All posts filed under: Korean

Interview with Lee Min-ki and Jung So-min (Marie Claire 2017)

So 이번 생은 처음이라 / Because This Is My First Life wraps up this week. This interview came out in October, right before the show started airing so it’s kinda old news at this point, but I needed something to occupy me between episodes and it’s been ages since I’ve translated celebrity news anyway, so here it is. Man, this drama. I came for the contract marriage trope (and also Lee Min-ki because I literally can’t remember seeing him in anything other than Dalja’s Spring) and stayed for the earnestness, the poignancy, the tender heartache present in all the characters. Growing up, I thought a lot about love and marriage and how they relate to each other, given that my family feels one way about it and the society I grew up in feels the almost exact opposite. And now with those two worlds currently colliding in my life, this drama couldn’t have made a more timely arrival. 이번 생은 처음이라 will soon be the only Korean drama I’ve managed to finish in 2017. I may …

먹칠하다

It’s so strange to realize that 성균관 유생들의 나날 was one of the first Korean novels I ever bought, at a time when it was still wayyyy too difficult for me to comprehend. Six years later (!!), I can finally read entire chapters without having to look up words and still understand what’s going on. Plus, I know an astounding number of words related to Confucian scholarship and education. (Oh my god I found the blog post I wrote when I first bought the books.) Anyway, that’s how I came across the word 먹칠하다.

First ever Korean class

So after many months of not really studying Korean (despite what it looks like on my blog, I rarely pick up a textbook and study. Almost everything I write about comes from random one-off things I read in Korean.) I decided what I really needed was external motivation to take my skill to the next level. SO! I signed up for Advanced Korean classes at San Jose Language Center. I really feel like I struck gold here because it’s incredibly close to where I live and it’s a language school designed for adults – which means all classes are after working hours. There are only two other students in the class and they’re both of Korean heritage. At first, the instructor said she was worried when she saw me (clearly not of Korean heritage) on her roster but we conversed for a bit, and then afterward, she said I might actually be too advanced for the class. Welp? Either way, I was really nervous about taking an actual class for Korean that’s also completely taught in Korean. In my 7-ish years of …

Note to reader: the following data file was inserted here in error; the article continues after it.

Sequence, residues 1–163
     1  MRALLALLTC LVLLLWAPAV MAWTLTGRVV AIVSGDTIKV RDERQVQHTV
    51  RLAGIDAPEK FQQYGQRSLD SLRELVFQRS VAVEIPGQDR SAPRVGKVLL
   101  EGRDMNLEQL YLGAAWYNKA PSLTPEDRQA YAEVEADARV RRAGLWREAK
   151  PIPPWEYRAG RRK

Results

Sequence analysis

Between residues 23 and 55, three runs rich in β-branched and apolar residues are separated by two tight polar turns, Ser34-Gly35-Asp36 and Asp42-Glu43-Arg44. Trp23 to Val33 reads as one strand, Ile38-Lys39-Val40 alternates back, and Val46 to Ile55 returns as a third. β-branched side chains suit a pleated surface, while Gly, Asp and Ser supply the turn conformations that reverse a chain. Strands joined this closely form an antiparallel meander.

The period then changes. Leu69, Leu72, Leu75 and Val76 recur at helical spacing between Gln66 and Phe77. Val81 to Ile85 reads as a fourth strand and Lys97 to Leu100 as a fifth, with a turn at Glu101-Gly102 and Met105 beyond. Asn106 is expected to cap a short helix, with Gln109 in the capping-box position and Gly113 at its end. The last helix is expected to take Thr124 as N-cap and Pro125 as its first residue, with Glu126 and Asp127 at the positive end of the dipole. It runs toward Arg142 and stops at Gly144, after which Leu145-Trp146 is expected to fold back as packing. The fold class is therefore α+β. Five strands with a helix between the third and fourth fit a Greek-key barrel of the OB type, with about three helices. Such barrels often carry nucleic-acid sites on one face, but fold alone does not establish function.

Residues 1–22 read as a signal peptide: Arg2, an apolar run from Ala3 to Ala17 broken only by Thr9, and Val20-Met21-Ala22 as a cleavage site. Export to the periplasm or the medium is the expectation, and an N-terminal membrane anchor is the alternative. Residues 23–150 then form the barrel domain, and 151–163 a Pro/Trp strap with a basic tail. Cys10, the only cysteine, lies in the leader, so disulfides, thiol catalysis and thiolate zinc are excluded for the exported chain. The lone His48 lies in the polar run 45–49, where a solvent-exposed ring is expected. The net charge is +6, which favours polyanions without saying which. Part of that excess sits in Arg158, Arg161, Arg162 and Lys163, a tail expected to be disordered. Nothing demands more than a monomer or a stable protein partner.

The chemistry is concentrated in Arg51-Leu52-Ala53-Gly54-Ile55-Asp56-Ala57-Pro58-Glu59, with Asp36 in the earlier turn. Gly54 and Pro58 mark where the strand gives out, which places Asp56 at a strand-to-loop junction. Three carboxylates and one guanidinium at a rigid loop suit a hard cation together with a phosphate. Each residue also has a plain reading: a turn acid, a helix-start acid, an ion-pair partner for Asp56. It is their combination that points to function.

Clazziquai Project – #Curious

I’ve had Clazziquai’s new album Travellers on repeat since it came to Spotify (bless). I love the new single so much. The lyrics and instrumentals kind of remind me of Ra-on and Yeong’s early friendships/shenanigans – though that might just be because I’ve been thinking of Moonlight Drawn By Clouds too much these days! Heh. (Seriously though. If I made a Moonlight mixtape, this song would be on it.) Lyrics translation below! #궁금해 같이 먹을래 같이 걸을래 요즘 들어서 왠지 난 같이 하고 싶어 너의 사소한 일도 난 모두 궁금해 네가 없는 날은 너무 지루해 너와 함께라면 오늘도 특별한 하루 I keep sayin’ 여기도 특별한 장소 Don’t you know that 나 또한 특별한 사람 I gotta tell you, do you mind? Do you mind? Everybody knows 다시 말해줘 다시 말해줘 요즘 들어서 왠지 니가 좀 달라 보여 너의 사소한 일도 난 모두 궁금해 네가 없는 날은 너무 지루해 너와 함께라면 오늘도 특별한 하루 I keep sayin’ 여기도 특별한 장소 Don’t you know that 나 또한 특별한 사람 I gotta I tell you do you mind? Do you mind? Everybody knows …

The most useful phrase to know in Korean (and any language)